The fight or flight response can happen in people who are faced with a real life dangerous situation (an encounter with a bear on hike, for example) or a perceived threatening situation (skydiving, which feels scary but is a controlled activity). These events all release endorphins to help ease the stress and/or pain of the situation. While it is not recommended to try to encounter a bear in everyday life, exhilarating situations like roller coasters, rock climbing, bungee jumping or whatever a specific person finds exciting and challenging can have these positive endorphin effects.
Pain & Stress
When the body experiences pain or stress, endorphins are released to negate these uncomfortable feelings. Endorphins can prevent an injury from being overwhelmingly painful, and also help a person feel better when under a great deal of stress. Childbirth, a pretty extreme example of both pain and stress, also induces these endorphin responses in the body. Perhaps this is part of how women in the past managed to give birth without the aid of modern drugs.
Although we certainly don’t suggest that you seek out pain or stress in order to get an endorphin rush, understanding the body’s own curative mechanisms can serve as something of a comfort when you’re feeling particularly overwhelmed with work, family or your social life.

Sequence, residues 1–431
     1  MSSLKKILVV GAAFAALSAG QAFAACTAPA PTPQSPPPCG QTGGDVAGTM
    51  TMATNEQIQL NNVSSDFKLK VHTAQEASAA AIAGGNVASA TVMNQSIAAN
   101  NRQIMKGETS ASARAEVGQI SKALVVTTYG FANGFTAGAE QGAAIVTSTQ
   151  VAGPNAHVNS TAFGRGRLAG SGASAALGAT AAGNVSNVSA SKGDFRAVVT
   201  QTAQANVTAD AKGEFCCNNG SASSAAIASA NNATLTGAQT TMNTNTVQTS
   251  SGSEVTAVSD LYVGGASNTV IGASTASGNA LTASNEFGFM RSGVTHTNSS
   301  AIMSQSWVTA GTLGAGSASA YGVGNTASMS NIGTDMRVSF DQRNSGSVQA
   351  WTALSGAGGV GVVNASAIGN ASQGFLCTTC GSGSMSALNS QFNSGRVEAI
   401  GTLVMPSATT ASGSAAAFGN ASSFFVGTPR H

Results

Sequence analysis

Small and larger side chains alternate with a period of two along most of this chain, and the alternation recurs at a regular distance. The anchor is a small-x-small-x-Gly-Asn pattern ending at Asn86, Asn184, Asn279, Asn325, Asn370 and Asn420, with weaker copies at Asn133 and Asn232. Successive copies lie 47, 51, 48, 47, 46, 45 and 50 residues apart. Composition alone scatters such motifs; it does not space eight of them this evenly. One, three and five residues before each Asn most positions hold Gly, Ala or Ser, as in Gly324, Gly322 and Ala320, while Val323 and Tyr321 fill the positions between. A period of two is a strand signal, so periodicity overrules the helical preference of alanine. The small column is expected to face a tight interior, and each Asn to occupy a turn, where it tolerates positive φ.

The ingredient in hot peppers that makes them burn, capsaicin, is another endorphin production trigger. Your body wants to quench the fire in your mouth; it is a pain-triggered release of endorphins. But painfully spicy foods are not the only ones that can get your endorphins pumping. Eating chocolate actually produces endorphin-related calming effects that are the same as the effects of marijuana. It is no wonder people sometimes equate eating chocolate to the feelings of being in love. Proteins like fish and meat, and carbohydrates like macaroni and cheese and mashed potatoes are commonly thought of as “comfort foods,” and these dishes really can comfort a person, thanks to an associated release of endorphins.
Being in Love
According to research, being in love can produce the hormone oxytocin. Some even refer to this as the “love hormone” because it helps a couple bond. But this hormone does even more than that. Oxytocin, like so many other things, also triggers endorphins, meaning that pains may lessen or disappear entirely. Like exercise, there are also other health benefits to being in love, such as better sleep, a lessened chance of cancer, less stress, and better heart health.
All of the positive effects of endorphins can help fight some diseases and conditions. Depression and chronic pain are two problems that can be fought with endorphins. If you are feeling down or continually experiencing pain, try going for a run, practicing yoga, skydiving or eating a spicy meal to get the endorphins flowing, the pain subsiding, and the good mood coming on.